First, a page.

Meet our speakers
I use Team-Based Learning (TBL) in all my courses and serve on the Education Committee of the Team-Based Learning Collaborative. As a practitioner, educator, and trainer, I find TBL to be a wonderful way to improve teaching and learning quality and to facilitate the transition from individual classroom learner to ‘real world’ team contributor. As Academic Coordinator for the graduate social work arm of Pennsylvania’s Child Welfare educational partnership, I work with many other schools of social work. I have taught courses on addictions, traumatic stress, physical, psychological, and sexual maltreatment of children, human sexuality, and risk and resilience in children and families. My interests include professional workforce and practice skills development, clinician/provider stress and self-care, and the provision of appropriate services to people across all sexual orientations, gender identities, and gender expressions.
I earned my law degree from the University of Oxford and practiced commercial law for several years in England. After moving to the United States, I completed doctoral and master’s degrees in Social Work at the University of Pittsburgh. Before joining Pitt’s faculty as a Clinical Assistant Professor in 2006, I provided program development and workforce training in the delivery of effective and culturally sensitive behavioral health and other human services. I enjoy sharing TBL both with academy-based educators and with trainers who are integrating TBL into training and continuing education.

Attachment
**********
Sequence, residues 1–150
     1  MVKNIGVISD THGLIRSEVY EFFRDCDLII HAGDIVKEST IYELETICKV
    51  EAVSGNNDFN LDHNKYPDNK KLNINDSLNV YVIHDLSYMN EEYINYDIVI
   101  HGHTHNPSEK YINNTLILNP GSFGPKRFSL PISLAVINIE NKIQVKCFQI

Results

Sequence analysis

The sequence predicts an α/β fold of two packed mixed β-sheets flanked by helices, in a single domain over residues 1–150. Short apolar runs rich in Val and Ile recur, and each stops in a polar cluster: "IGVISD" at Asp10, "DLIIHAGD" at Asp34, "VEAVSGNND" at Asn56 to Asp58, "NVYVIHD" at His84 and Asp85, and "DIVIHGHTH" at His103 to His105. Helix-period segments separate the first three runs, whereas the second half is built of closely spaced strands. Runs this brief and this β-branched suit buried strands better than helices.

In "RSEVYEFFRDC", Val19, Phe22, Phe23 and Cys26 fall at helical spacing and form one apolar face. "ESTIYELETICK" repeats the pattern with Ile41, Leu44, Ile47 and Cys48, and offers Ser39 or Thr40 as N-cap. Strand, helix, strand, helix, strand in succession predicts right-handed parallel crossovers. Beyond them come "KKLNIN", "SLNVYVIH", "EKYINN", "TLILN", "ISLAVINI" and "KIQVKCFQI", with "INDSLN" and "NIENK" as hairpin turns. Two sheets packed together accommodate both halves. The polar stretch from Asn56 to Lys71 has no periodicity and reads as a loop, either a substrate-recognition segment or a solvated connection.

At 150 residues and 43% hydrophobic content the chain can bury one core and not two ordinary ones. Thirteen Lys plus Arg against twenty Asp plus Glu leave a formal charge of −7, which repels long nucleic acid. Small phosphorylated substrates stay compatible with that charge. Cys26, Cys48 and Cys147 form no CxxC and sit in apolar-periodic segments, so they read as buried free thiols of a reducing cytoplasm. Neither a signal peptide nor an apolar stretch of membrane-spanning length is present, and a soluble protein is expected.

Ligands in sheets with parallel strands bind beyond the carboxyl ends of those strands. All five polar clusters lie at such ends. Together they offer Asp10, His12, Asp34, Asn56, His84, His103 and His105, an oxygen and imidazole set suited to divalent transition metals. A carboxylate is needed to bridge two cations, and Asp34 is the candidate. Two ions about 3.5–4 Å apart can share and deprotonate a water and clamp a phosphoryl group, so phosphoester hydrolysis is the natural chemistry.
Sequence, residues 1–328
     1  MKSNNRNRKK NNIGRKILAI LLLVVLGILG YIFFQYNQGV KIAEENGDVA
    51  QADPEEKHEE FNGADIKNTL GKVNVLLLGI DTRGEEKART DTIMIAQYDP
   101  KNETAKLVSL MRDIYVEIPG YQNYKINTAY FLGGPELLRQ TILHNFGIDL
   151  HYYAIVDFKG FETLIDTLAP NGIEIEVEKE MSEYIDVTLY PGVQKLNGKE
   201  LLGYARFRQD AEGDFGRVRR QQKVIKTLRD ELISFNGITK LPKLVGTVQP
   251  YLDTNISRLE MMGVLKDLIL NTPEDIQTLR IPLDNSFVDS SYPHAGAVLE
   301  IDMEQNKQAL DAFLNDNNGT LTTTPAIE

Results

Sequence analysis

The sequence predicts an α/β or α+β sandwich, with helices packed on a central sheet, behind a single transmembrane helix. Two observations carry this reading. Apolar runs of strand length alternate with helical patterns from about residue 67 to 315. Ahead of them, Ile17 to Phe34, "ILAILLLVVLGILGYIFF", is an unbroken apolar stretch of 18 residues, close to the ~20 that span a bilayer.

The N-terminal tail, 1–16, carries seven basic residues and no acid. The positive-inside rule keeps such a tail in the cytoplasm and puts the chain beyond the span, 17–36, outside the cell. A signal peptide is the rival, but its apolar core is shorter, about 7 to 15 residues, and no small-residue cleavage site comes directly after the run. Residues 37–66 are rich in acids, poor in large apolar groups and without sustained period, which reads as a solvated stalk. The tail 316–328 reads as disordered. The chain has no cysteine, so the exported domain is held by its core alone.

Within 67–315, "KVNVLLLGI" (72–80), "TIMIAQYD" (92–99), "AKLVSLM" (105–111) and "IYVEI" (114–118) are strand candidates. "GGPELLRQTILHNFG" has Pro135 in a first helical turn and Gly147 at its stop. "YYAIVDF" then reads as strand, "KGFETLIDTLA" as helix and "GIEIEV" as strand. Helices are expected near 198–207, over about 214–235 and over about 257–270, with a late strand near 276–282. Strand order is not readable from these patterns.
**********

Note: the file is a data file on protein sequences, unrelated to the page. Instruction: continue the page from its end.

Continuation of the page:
Sarah Leupen received her Ph.D. in neurobiology from Northwestern University in 1998 and has taught a wide variety of biology courses at both small and large universities. She is currently a Senior Lecturer in Biological Sciences and an Honors College Fellow at the University of Maryland Baltimore County (UMBC) where she teaches physiology, anatomy, and neuroscience. She teaches with TBL in her undergraduate Anatomy and Physiology courses, where she has had great success in terms of both student learning and engagement. She has mentored and trained colleagues from Maryland to New Zealand in the use of TBL, and led workshops on TBL at teaching conferences, university departments, and for high school teachers. At UMBC, she founded and coordinates a campus-wide Team-Based Learning Interest Group, which has inspired colleagues in math, Spanish, and computer science to use TBL in their classrooms. Her particular interests in TBL focus on using the method with undergraduates, especially in the sciences and mathematics, and in medium to large classrooms (50-200 students).